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Early Season MVPs: Evan Longoria in AL, Albert Pujols in NL

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Pundits and sports experts across the land love to hand out awards. So it comes as no surprise that they are trying to figure out who were the major leagues most valuable players for the all important month of April. Well the discussion should be pretty simple; who has been worth the most wins above replacement level? Here is your early season WAR leader board provided by fangraphs:





Evan Longoria




Kevin Youkilis

Red Sox



Albert Pujols




Chase Utley




Ian Kinsler




Raul Ibanez




Mike Cameron




Marco Scutaro








Carlos Beltran




Longoria for AL MVP! As you would expect I have no argument there. It started in the opening series against the Red Sox and continued through last night's grand slam performance against them. He is third in the AL in home runs, second in OPS, second in wOBA and leads the junior circuit in RBI. You could make a strong case for Kevin Youkilis, who leads the AL in OPS and wOBA, but Longoria is already a +2.0 UZR at the more demanding defensive position.

In the NL, nobody is in shock that the best player is Jose Alberto Pujols or Albert Pujols for short. He leads the league in two of the three Triple Crown categories: home runs (9) and RBI (29). He is also in the top five in batting average (.356). As we get into the more important stats, Pujols holds a slim lead over Jorge Cantu to top the NL in OPS (1.192) and is third behind Cantu and Chase Utley in wOBA(.495). Like Longoria, defense puts Pujols over the top of his closes competitors. Utley plays a more demanding position, but has been as average second basemen so far. Cantu is hitting a monster pace, but is already a -2.3 UZR at first base.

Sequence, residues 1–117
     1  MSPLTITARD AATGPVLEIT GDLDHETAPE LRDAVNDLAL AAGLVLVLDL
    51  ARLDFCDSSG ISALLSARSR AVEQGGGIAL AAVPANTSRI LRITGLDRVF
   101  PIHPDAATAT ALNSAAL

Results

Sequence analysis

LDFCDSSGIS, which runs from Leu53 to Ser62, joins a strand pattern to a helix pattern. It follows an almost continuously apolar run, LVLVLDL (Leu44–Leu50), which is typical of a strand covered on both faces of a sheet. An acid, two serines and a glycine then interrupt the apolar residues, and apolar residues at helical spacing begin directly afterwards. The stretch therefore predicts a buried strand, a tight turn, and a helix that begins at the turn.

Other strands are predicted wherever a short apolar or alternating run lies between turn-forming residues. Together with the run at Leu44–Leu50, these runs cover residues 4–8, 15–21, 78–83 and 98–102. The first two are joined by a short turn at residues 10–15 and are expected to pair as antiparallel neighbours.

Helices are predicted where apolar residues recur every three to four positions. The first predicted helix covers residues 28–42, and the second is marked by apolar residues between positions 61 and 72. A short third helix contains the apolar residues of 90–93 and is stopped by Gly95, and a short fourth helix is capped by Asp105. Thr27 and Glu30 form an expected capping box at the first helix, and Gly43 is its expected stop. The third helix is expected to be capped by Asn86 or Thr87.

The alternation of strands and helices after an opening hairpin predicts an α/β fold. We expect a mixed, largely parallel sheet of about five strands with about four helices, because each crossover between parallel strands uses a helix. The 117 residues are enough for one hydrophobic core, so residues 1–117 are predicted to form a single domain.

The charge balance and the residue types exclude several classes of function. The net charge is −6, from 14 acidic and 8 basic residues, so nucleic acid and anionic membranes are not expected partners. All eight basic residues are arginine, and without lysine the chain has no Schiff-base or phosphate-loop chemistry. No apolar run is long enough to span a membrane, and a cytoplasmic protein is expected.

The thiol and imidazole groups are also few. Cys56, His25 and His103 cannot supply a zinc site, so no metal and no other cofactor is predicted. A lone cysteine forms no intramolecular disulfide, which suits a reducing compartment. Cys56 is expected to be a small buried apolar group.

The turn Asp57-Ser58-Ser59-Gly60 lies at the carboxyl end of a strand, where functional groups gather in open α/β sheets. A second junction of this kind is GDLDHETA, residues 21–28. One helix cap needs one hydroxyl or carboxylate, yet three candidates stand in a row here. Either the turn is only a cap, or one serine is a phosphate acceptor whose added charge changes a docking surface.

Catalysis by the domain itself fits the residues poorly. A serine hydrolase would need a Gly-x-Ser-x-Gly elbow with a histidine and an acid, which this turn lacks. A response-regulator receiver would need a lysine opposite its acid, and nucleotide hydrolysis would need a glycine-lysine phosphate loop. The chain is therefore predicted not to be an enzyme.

The biggest surprises on the early season leader board have been Mike Cameron and Marco Scutaro. Cameron is slugging over .600 and playing fantastic defensive centerfield for the Brewers. He has passed the one and a half WAR threshold and should be a 4 WAR player when the season is all said and done. As for Scutaro, it's a nice story, but even Scutaro himself would tell you this type of offensive performance from a career .262/.329/.383 hitter is a bit unsustainable. His BABIP and line drive percentage are lower than his career norm, but his walk rates have skyrocketed. I guess a change is approach and improved discipline could be sustainable, but I doubt pitchers are going to continue to walk Scutaro at a 19.8% rate. His 23 walks in 119 plate appearances are almost half of the 57 he drew in 592 PAs in 2008. And unless he took a winter trip to the swing mechanic, it is hard to believe 5 ft 10, 186 pound, Scutaro will slug over .500 when his career high for a season is .397. I'd like to believe he can do it, but common sense says otherwise.